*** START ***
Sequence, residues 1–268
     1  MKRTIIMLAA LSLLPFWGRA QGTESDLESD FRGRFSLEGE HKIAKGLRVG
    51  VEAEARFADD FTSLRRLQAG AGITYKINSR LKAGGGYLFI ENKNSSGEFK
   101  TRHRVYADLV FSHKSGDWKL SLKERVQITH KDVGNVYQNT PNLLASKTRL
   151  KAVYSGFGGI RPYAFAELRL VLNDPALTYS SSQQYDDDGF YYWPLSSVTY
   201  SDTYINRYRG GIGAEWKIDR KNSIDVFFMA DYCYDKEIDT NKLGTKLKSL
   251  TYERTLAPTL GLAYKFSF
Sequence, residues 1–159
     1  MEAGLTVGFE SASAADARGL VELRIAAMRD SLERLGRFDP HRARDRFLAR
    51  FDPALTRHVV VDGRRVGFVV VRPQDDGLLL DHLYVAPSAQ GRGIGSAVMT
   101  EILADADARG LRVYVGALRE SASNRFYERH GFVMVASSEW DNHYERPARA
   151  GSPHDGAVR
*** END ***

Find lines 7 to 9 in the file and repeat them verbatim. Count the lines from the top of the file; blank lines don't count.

   251  TYERTLAPTL GLAYKFSF
Sequence, residues 1–159
     1  MEAGLTVGFE SASAADARGL VELRIAAMRD SLERLGRFDP HRARDRFLAR